Elton's guitar player and musical director tells Billboard that there will be some changes as the Farewell Yellow Brick Road Tour progresses.
"This is only the first run of this tour, so every few months it's going to change as far as a few songs here, a few songs there," Davey Johnstone explains. "We'll add things that were big in different territories. ’Sacrifice' was a big song, No. 1, in England, so we'll do that in England and Europe when we finally get there. 'Skyline Pigeon' was a massive hit in South America, God knows why. So will do that down there. There are certain other territories that have favorites, also, so we'll be mindful of those as (the tour) goes on."
It's likely, however, that the bulk of the show will remain intact.
"There is no right version" of the setlist, Johnstone says. "You can't please everybody, that's the bottom line. We know that if we don't play 'Saturday Night's Alright (For Fighting)' or 'Daniel' or 'Don't Let the Sun Go Down on Me,' there'll probably be a riot. There's so many songs you have to do because people love them, and if we don't they'll go away not very pleased. On the other hand there's the hardcore fans who think that the tour should be all deep cuts and stuff, which is...unrealistic. You've just got to go with your heart and do the most popular songs with a few twists here and there to make it the show it is."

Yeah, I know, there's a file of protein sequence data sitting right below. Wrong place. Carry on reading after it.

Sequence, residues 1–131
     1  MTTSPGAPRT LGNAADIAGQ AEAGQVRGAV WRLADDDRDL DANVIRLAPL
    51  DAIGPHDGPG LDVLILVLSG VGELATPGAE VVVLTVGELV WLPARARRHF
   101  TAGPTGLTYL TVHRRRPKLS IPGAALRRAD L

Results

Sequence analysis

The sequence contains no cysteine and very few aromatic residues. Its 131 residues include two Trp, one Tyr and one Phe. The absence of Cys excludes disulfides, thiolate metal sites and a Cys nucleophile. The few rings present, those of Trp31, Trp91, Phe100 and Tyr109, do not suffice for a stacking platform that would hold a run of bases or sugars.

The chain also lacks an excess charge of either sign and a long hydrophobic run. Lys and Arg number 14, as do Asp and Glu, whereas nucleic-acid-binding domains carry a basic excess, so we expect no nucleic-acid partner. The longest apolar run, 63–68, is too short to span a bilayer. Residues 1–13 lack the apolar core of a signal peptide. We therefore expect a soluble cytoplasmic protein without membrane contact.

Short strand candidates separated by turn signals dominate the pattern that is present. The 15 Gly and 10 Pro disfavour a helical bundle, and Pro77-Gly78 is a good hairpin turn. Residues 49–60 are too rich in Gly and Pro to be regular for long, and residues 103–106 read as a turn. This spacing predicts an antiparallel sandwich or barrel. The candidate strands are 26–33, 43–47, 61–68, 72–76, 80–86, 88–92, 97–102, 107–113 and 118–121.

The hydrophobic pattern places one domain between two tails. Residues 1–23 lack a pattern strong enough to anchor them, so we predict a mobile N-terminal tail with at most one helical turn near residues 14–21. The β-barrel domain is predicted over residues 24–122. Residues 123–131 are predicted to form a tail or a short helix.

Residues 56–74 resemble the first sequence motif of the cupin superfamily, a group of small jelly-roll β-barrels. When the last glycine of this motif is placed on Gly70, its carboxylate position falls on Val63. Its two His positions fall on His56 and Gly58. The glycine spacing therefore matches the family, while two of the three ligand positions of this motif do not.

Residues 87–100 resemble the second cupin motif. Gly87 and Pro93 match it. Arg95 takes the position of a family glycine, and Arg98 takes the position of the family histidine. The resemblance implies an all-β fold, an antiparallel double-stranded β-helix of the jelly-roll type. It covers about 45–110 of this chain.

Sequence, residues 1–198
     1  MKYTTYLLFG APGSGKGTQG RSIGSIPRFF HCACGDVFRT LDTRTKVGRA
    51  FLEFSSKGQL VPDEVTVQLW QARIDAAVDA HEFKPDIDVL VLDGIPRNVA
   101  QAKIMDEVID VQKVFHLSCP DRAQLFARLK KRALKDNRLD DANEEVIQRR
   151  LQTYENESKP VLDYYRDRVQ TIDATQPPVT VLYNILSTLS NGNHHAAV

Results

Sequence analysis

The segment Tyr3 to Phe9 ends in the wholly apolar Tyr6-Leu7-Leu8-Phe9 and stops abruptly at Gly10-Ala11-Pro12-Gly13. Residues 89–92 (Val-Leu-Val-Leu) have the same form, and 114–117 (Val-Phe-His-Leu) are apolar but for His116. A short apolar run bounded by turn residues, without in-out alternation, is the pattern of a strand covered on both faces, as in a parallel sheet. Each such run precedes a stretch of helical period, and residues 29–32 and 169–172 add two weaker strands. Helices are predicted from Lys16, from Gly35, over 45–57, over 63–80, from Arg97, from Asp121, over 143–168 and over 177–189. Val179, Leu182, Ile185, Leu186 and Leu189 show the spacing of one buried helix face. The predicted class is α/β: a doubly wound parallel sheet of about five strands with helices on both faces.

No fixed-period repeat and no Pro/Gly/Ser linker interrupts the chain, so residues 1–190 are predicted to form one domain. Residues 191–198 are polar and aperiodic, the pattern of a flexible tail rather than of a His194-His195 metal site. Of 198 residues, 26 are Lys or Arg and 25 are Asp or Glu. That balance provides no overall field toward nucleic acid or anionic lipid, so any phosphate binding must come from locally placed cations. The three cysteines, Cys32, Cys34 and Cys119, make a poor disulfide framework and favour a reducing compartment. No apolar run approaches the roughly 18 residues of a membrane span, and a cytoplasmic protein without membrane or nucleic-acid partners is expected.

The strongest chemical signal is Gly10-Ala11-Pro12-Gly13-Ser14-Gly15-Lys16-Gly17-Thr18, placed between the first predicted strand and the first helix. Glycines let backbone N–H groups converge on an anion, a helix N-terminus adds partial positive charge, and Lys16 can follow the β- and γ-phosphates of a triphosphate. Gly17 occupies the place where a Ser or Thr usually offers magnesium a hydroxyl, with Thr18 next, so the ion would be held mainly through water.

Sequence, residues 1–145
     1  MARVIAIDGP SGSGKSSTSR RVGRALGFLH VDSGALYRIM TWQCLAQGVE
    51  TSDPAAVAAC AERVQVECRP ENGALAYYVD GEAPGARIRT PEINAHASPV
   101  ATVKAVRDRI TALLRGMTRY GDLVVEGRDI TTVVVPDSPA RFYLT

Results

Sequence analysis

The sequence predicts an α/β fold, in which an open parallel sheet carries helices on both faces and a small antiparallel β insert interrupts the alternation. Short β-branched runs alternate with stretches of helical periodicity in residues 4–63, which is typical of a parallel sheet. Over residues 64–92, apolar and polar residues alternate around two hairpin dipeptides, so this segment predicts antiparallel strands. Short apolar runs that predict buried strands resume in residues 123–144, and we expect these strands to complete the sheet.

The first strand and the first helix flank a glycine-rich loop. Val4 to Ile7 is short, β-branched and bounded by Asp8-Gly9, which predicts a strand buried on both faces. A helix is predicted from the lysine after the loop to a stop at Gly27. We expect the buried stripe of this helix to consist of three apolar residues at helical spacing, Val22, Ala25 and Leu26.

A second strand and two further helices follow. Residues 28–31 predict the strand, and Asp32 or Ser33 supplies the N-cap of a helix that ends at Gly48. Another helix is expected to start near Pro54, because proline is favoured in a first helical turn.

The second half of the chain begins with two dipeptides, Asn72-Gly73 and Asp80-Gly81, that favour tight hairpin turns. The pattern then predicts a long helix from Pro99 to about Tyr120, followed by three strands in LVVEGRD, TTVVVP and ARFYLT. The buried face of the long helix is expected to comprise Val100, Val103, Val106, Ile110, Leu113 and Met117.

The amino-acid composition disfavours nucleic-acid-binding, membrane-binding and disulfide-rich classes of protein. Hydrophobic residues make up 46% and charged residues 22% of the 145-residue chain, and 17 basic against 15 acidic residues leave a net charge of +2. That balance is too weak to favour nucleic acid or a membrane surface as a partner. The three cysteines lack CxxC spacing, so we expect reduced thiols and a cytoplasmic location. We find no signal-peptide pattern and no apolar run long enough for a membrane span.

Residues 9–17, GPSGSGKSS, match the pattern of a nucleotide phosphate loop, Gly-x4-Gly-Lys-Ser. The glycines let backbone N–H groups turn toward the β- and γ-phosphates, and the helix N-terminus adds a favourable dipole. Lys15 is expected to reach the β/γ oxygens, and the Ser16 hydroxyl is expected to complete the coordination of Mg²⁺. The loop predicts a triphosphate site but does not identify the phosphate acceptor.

The musician says he understands why Elton is saying farewell now -- at least to the road. "This has been an abnormal career for rock 'n' roll. There's only ever been us and the Stones. U2 are creeping up on us, although we've probably got 10 years on them, and the Stones have 10 years on us. We've always been a hard touring band, a hard working band, and that's allowed him to become a mega star the world over. But you can't do that forever. Nobody can." But he says farewell may not necessarily be forever.
"I know that when we finish this three-year monster we'll be done with touring," he predicts. "But at the same time there's a sneaking feeling there might be a one-off here and there that we'll play. We'll do a festival or we'll do this or that. Guys like us don't retire. This is really not a short-term thing for us. It's never been, like, in, make a lot of money, get out. It's always been, 'OK, what's gonna happen now? What do we do next?'"